Philadelphia Columnist: Patriots Lust for Winning Led to Aaron Hernandez

While it’s not rare to see NFL players run afoul of the law, sometimes in spectacular fashion. Instances such as former Patriot Aaron Hernandez’ murder-suicide saga are, thankfully, quite rare.

Which has prompted many in the media to ask how a and why such a thing could have happened? And why did it happen in New England of all places? A columnist in Philadelphia pondered that question, and came up with an answer that…well…he came up with an answer.

Bob Brookover of the Philadelphia Inquirer, believes that it’s no accident that the Aaron Hernandez tragedy played out in New England. Why? Because of the Patriots cold, relentless focus on victory.

Brookover writes:

The New England Patriots reside alone in the 21st-century dynasty region of the NFL. That is why they are here with the Eagles at Super Bowl LII mostly answering questions about how great they are and how incredible they have been.
That’s fine and that’s fair. The applause is well deserved even if suspicions remain that their success has not always been on the up and up. In addition to being adept at winning games and championships, the Patriots are also great at avoiding the things they want swept out of sight.
Spygate and Deflategate fall into those categories, but the one subject they want to skirt more than any other is the violent and tragic career of the late Aaron Hernandez. Perhaps that’s because Hernandez’s draft selection, despite bright red flags everywhere, is a reflection of how winning means everything to the Patriots and no cost is too high.
Brookover further takes the Patriots — specifically head coach Bill Belichick — to task for acting as if they never saw the Hernandez disaster coming. Even though Hernandez’ troubled background was obvious, and well-known to all before the draft.
“The shame of the matter is that the Patriots, and specifically Bill Belichick, acted as if they could not possibly know something so awful would ever happen despite the fact that Hernandez had a troubled past at the University of Florida and in his hometown of Bristol, Conn.”
Before going further, it’s important to note that of all the various character concerns surrounding Aaron Hernandez prior to going into the draft, murder, was not one of them. There were concerns, specifically surrounding gang affiliations in Connecticut. However, dozens and dozens of players with real or imagined ties to street gangs enter the NFL every year. It’s not as if Aaron Hernandez was the first player in NFL history to have credible gang affiliations.
So, to sit here eight years later and say or imply that, based on those character concerns, the Patriots should have known Hernandez was a murderer, is beyond ridiculous.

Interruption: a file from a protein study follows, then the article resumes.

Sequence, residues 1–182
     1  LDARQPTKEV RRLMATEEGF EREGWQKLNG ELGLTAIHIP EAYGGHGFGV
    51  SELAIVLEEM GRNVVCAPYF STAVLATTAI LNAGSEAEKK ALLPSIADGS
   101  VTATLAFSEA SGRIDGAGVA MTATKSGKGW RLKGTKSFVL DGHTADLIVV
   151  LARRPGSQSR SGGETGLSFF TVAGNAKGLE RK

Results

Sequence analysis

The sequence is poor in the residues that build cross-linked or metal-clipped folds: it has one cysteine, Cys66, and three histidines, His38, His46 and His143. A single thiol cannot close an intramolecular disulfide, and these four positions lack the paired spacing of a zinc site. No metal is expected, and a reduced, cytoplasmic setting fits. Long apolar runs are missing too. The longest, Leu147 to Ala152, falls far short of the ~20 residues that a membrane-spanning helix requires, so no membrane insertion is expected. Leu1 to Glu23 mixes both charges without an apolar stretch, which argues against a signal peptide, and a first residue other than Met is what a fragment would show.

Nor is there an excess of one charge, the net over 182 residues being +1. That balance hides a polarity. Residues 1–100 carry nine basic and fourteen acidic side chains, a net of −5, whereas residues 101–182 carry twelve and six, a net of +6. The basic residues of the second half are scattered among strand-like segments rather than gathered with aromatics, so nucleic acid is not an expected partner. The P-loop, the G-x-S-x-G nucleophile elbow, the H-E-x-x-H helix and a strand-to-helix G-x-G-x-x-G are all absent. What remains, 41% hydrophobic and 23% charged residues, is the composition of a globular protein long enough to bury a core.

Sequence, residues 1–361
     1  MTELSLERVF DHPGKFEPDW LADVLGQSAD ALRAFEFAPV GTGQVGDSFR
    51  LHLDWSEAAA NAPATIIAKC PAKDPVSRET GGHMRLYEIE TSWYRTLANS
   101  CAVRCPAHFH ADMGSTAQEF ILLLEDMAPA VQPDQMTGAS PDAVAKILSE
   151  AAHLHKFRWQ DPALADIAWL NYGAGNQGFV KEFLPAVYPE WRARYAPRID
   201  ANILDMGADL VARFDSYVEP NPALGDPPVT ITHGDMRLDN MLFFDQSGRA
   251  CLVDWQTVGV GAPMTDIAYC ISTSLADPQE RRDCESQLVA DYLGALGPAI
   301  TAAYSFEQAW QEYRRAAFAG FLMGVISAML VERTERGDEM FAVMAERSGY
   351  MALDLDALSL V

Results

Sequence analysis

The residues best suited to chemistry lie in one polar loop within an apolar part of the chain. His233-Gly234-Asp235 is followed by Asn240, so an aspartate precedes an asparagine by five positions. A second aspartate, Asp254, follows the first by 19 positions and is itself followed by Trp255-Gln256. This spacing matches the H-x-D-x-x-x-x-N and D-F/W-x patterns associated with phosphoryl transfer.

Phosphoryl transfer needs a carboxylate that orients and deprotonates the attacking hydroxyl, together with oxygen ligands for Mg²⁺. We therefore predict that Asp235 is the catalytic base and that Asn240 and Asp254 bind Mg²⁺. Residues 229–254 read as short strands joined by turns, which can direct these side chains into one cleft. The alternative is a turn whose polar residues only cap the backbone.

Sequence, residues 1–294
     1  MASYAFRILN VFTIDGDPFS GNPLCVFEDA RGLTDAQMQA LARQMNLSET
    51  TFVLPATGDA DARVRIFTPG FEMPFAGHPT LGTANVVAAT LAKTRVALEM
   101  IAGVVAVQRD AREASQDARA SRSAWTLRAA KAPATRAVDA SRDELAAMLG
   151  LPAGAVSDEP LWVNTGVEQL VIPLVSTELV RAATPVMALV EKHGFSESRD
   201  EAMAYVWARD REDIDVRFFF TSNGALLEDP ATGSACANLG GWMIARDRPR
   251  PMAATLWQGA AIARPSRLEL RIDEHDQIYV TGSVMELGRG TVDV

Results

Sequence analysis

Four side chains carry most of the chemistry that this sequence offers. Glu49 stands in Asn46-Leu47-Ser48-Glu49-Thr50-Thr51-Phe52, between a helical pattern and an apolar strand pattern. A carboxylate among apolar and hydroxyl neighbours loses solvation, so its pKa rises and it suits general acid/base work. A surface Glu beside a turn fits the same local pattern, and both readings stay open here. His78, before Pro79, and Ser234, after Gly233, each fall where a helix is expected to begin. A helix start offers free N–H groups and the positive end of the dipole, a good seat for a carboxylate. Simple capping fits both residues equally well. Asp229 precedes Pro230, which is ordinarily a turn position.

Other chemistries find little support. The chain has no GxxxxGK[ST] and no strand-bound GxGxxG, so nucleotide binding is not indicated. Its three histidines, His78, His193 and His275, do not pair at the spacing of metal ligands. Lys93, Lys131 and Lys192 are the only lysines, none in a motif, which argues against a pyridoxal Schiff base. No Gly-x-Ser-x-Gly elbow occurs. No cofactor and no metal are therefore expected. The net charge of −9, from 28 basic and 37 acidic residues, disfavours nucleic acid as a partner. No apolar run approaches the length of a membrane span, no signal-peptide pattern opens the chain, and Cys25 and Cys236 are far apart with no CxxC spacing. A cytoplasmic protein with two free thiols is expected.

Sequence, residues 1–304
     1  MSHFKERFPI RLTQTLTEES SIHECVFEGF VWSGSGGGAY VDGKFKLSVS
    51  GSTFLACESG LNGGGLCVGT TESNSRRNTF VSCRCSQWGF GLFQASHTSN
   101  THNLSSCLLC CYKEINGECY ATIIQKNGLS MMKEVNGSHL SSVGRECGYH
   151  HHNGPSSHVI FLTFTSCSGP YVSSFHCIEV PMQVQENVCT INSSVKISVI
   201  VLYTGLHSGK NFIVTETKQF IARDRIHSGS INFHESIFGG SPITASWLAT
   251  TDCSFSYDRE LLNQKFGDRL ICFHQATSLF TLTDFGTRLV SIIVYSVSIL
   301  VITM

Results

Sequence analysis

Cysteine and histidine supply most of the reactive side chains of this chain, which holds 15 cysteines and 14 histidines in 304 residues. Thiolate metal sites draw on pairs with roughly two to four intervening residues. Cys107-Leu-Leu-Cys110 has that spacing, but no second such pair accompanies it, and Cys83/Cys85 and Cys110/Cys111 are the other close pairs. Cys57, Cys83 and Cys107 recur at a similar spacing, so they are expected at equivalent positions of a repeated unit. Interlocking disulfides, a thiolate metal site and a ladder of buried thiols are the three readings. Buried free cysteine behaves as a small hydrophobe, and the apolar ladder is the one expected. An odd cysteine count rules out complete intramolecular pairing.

Brookover then makes the case that what really drove the Patriots to overlook the obvious danger of Hernandez, was their lust for winning:
The Patriots or Urban Meyer, who was the coach at the University of Florida when Hernandez played there, should have done more when they saw the signs of trouble. What Hernandez did was horrible, but you get the feeling the only reason Meyer and the Patriots cared about him in the first place was because he could play football.

Once he no longer could help them, it became a sin to even speak the name Aaron Hernandez. Maybe it’s not a coincidence that the NFL team that has had the most success in this century also had to deal with the league’s greatest tragedy.

Is there some truth to the idea that the Patriots selected Hernandez despite obvious character concerns, because they thought he could help them win football games? Of course, no one would dispute that.

But several things need to be stipulated here: First, someone was going to draft Aaron Hernandez. The Patriots ended up being the team that selected him. But someone, at some point, would have pushed their concerns about his character aside and drafted him.

Secondly, if the Patriots were governed by a pure blood-lust for winning that made them push character concerns aside, why haven’t there been more players like Aaron Hernandez? The Patriots dynasty is now in its seventeenth year, simple math would suggest that an unprecedented juggernaut of that nature, governed solely by winning, would have an alumni that read more like roll call at the Massachusetts State Penitentiary, than it would an NFL roster.

And yet, the Patriots, with the obvious exception of the Aaron Hernandez tragedy, have become synonymous with high-character players who almost always do the right thing. Moreover, where is it written that drafting talented players with severe character concerns, translates into winning championships? If it does, someone please explain the Cincinnati Bengals.

The Patriots have enjoyed arguably the greatest dynastic run in sports history, to some degree, by avoiding overly troubled players. What happened with Aaron Hernandez was a tragedy. But it was not foreseeable to anyone other than God, and maybe Hernandez.


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